It is a 2007 Toyota Camry Hybrid. I just stopped by Auto Zone to confirm, and it is in fact code P0A80 - Replace Hybrid Battery Pack. I'm assuming this means the unplugging / replugging of the trunk battery isn't going to help in this case... the warnings/problems just started coming on yesterday - any idea how long I might have before it stops working completely? Will it get progressively worse as time goes on? Is there anything I can do to extend the life or solve this problem without spending thousands of dollars? The car only has 100,000 miles on it, but I don't want to keep throwing good money after bad.
The 12V battery is located on the right side of the trunk. The code you receive is indeed the hybrid battery pack failure. I have that same code and have been driving my car with the light on for over a year now and I drive a lot. Since the time my light came on, I have put over 50K miles on the car. I just kept unplugging the 12V battery and wait 5 min before replugging it. I know it does not solve the problem, but this method allows the car to behave somewhat normal vs when the light is on and the engine works nonstop. Thank you for posting and notifying me.
Gilbert.....thanks for the update on your vehicle. please continue to do so. It will be interesting to follow your experience with the Hybrid malfunction on your vehicle. Hopefully...Toyota designed your car to continue to function for many more miles. You might consider changing the Engine Oil more frequently than suggested in your Owners Manual. It's now doing most of the work in getting you from point A-B. Good Luck.
Thank you Last Chance Garage. I recently had my oil changed and I was told that I only had about 2.5 quarts of oil left. Like you said in your post above, change the oil more often than recommended. I'm finding out that the car is burning a lot of oil. My mechanic showed me my tail pipe being very dirty. Last oil change, the car took 5 quarts, and I change the oil every month which is when I hit 5000 miles. I drive over 1000 miles a week for work.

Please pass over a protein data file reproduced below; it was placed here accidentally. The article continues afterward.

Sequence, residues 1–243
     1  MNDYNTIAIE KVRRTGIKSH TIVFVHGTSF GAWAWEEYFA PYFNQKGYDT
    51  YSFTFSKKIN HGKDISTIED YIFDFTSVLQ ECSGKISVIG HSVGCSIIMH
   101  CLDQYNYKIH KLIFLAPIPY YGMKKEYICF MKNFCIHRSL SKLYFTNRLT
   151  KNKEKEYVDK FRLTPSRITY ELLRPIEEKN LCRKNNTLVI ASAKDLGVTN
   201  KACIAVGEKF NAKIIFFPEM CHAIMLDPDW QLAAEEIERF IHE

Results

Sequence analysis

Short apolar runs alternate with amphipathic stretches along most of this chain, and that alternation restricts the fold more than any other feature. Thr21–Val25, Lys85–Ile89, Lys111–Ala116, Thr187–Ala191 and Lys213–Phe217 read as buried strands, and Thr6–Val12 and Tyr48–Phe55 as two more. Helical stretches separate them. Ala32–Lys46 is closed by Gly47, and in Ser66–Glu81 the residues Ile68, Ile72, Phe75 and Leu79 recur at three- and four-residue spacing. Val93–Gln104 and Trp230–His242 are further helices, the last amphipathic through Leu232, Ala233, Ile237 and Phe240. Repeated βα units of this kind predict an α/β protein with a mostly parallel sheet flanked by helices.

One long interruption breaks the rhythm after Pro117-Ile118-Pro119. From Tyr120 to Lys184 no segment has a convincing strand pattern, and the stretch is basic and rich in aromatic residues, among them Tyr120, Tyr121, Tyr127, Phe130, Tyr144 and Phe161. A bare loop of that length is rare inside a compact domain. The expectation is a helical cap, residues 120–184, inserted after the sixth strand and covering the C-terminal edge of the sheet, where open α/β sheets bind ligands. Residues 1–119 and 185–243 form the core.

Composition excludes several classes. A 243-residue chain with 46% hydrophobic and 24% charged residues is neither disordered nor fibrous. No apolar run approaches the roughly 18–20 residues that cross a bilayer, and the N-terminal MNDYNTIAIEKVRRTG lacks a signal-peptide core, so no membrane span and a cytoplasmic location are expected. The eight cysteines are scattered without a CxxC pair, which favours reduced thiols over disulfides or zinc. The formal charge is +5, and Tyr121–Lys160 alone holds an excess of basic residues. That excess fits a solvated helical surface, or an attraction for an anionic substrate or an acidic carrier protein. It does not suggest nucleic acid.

Message received. Your above experience with this vehicle will help others in similar situation to decide whether these Hybrids are really appropriate for long term ownership. Can you imagine what the costs are to maintain a FULLY electric vehicle. I wonder what it would cost to replace that Battery Pack?? Good job and keep us up to date.
Hi folks: I have a 2007 Camry Hybrid that I purchased with 150,000 miles on it (for a good price, I think.) We've dealt with the P0A8 code. It's not like the performance of the car changed dramatically with the "Check Hybrid System" message flashing. After much research on the problem and searching for alternative solutions to plunking down the $3500 at a Toyota dealership, I found a Toyota technician offering his services on Craigslist (Boston area.) With the odo already past 170,000 miles he said that you can't expect miracles, but he would check it out. I had no references on the guy but he certainly seemed to know the system intimately. We removed the hybrid pack while the car was sitting in my driveway. This takes 45 minutes for someone with his experience. And then I let him take the pack home with him to work on in his basement. (Yes, a bit risky!) The key to effectively diagnosing the bad cells (there are 34 in the Camry pack for this model year) is to put a load on each individual cell and test the voltage. You HAVE TO put a load on the cell before testing it with your meter. He diagnosed three bad cells and replaced those (aftermarket cells cost around $40.) Then he drained all the cells completely and re-charged each one. He returned with the rebuilt pack, installed it, and the car is running fine five months on. He charged me $650 for the overall service with no warranty.